AUGUSTA – Just in time for the start of this year’s bear hunt, bear hunters who voluntarily submitted a tooth from their bear in 2009 now can learn the age of the bear on the Maine Department of Inland Fisheries and Wildlife’s website.
The Department received bear teeth from 971 hunters, which equates to 27 percent of the hunters who harvested a bear in 2009. The oldest bear was a 25-year-old female, and the oldest male bear was 20 years old.
Like most hunted populations, older bears make up a smaller proportion of the harvest with just over one-third of the bears being three years old or older.
Knowing the age of the harvested bears provides a valuable tool for monitoring the health of Maine’s black bear population, thus determining the effectiveness of our management programs and contributing to a stable bear population.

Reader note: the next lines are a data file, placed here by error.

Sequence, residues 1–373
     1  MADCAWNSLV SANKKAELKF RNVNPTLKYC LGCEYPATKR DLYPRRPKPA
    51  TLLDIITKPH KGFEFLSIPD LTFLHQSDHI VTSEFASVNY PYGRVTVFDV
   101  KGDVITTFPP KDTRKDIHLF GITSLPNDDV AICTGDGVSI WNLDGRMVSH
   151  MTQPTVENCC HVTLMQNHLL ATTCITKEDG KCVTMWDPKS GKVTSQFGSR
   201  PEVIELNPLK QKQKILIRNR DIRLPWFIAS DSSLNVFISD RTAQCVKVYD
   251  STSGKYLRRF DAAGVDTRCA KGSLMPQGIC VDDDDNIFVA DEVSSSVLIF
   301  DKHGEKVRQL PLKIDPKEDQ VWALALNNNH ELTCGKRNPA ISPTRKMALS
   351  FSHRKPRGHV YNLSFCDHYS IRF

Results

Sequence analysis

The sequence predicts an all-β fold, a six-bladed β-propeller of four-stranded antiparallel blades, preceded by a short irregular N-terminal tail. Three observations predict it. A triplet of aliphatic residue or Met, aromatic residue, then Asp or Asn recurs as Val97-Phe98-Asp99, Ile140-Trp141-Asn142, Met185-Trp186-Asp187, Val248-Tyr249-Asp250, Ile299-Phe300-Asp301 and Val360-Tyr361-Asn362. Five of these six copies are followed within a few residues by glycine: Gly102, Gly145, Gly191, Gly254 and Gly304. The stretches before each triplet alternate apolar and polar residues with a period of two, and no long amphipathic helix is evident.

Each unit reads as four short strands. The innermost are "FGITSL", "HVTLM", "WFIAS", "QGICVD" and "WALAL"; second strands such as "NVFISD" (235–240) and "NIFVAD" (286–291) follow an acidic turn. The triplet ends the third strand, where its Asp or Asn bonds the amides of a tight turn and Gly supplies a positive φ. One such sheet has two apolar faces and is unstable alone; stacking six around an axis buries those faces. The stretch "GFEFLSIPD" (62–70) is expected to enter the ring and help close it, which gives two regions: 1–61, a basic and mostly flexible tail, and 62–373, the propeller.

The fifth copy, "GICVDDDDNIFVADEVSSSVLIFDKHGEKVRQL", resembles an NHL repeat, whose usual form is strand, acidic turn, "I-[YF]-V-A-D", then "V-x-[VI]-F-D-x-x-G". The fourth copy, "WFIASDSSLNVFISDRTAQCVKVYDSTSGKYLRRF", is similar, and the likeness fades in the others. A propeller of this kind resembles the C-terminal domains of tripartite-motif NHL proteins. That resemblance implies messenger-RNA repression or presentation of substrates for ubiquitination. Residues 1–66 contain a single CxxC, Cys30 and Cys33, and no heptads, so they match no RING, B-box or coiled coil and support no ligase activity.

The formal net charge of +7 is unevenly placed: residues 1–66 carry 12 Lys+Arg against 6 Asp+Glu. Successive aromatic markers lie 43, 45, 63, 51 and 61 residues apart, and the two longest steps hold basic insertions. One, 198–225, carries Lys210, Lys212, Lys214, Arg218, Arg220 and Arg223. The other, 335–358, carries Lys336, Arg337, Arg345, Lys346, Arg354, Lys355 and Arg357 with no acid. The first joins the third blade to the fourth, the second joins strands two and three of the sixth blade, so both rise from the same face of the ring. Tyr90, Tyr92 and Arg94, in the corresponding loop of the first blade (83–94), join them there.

The Department is continuing this research effort each year and is asking bear hunters to submit a tooth from the bear when it is registered. Each check station will provide instructions for submitting a tooth. At the end of the year, MDIF&W will receive teeth from the check stations and will send the teeth to the lab. The ages for bears harvested during the 2010 season should be posted on the Department’s website next fall.
Maine’s general black bear hunting season began Monday, Aug. 30 and runs through Nov. 27. The season for hunting black bears with dogs is Sept. 13-Oct. 29, and the season for hunting with bait is Aug. 30-Sept. 25. Hunters are asked to consult their hunting law books for additional season information or visit the Department’s website.
“The Department thanks bear hunters, hunting guides, and registrations stations for volunteering to assist in this valuable research tool, and we encourage all bear hunters to consider taking part in this endeavor in the future,” said Jennifer Vashon, MDIF&W black bear biologist.